When we turn on our televisions, the first thing we hear is how bad the economy is.
We hear about the trickle-down effect from the government to the people. Let's try a different approach. For lack of a better term, I am going to call it "trickle up."
In the book "Body Clutter," we told you we need to look back to see what has happened so that when we are faced with decisions, we will not make the same mistakes.
We have an acronym for STUFF: Something That Undermines Family Fun. We have allowed stuff to suck the life right out of us.
We have medicated with stuff. You know the saying: When the going gets tough, the tough go shopping. We would do anything to keep our minds from dealing with what needs to be done. We shop, shop, shop and bring it home.
Eventually our homes begin to close in on us. We start looking for a new home that will hold all of our stuff. The more storage the better; we may even rent a storage unit for the stuff that won't fit. We never get rid of anything.
This way of thinking has been shaped mostly by what we hear. Every magazine, newspaper, television news program and political candidate is filling our heads with gloom and doom. I say, let's quit listening to them. We have the ability to have a positive outlook on our lives by doing a few simple things.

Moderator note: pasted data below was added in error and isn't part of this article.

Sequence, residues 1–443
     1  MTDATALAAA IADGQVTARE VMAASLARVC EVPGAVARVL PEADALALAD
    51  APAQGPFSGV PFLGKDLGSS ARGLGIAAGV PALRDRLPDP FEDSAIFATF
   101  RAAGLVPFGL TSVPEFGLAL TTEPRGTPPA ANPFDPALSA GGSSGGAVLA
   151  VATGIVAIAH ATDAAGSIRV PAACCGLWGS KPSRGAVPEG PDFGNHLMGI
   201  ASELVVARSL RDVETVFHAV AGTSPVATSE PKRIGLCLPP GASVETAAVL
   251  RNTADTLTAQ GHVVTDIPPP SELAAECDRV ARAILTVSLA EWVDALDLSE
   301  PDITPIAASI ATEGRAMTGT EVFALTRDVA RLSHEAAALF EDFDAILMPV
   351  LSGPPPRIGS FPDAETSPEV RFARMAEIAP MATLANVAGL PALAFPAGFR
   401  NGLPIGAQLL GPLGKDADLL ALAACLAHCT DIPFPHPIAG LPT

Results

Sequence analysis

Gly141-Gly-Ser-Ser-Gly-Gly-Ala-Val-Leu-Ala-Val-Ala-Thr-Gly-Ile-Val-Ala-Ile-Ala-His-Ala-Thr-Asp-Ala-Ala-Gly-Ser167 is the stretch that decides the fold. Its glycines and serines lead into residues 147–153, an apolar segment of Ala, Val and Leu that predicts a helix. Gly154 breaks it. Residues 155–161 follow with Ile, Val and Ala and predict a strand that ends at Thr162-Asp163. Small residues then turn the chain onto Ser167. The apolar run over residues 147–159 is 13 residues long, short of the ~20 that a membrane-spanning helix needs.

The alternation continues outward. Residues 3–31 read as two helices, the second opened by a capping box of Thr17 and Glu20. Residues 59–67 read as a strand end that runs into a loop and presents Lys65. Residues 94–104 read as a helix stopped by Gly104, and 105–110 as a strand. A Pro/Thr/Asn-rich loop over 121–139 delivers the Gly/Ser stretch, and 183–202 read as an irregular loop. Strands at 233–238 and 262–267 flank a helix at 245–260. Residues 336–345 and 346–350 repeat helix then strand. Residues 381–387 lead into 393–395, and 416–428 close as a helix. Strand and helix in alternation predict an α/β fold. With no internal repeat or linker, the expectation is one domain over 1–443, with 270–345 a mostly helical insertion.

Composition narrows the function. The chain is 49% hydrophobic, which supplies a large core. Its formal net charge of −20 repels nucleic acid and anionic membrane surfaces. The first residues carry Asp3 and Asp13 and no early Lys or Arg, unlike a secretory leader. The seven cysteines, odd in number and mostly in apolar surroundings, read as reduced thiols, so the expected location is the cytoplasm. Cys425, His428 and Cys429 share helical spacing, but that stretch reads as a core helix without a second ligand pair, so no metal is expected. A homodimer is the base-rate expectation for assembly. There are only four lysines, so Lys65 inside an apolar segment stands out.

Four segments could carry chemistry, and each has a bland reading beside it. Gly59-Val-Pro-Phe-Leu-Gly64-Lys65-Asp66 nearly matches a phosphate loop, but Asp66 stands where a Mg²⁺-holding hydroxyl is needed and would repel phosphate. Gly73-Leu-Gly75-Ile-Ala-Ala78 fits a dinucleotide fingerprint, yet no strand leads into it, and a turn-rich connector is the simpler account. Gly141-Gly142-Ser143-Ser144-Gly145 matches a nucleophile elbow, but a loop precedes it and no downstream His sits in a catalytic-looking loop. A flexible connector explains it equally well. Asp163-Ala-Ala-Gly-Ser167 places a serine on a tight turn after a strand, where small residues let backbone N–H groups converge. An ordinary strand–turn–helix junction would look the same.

Turn off your TV and radio. Choose programs that uplift your spirits. Listen to beautiful music and books on tape. Eliminate the negativity and commercials from the clutter in your heads. (Don't get me started on all those commercials telling us what we need.)
The government seems to think more spending is going to get us out of this rut. What does more spending do for your household budget? We spend it on clutter. That clutter needs a home, and it is going to take yours from your family. More spending jacks up credit-card debt and eventually makes us feel bad. When we feel bad about ourselves and our homes, we start that downward spiral. Many of us are living paycheck to paycheck because we have homes filled with stuff.
We can make a difference in the hopelessness portrayed in the news media. When you are FLYing, your outlook is happier. Those surveyors who call your home are wanting to hear how bad things are. Don't give them the fuel to pollute our minds. I think the New Hampshire voters had a little trick up their sleeves with all these news people and pollsters. I'd bet they all got together and decided to mislead them. After all, isn't it your right to keep your vote private?
Here is my list for feeling more hopeful:
• Shine your sink! (Don't shake your head no till you have tried it.)
• Plan your meals and cook what you planned.
• Pick up after yourself and get out in the sunshine and move your body.
• Get rid of clutter in your home and your head.
• Live within your means, your income and the walls of your home.
• Count your blessings and not your troubles.
• Go to bed at a decent hour and turn off the TV.
• Do it now! Do something today that will make tomorrow better.
• Don't sweat the small stuff; what doesn't matter just doesn't matter.
• Laugh every day, even if it is at yourself.• And last, love like there is no tomorrow because all we really have is today! Make the best of it.
For more help getting rid of your CHAOS; check out: www.FlyLady.net or "Sink Reflections" published by Bantam and "Body Clutter" published by Fireside. Copyright 2007 Marla Cilley. Used by permission in this publication.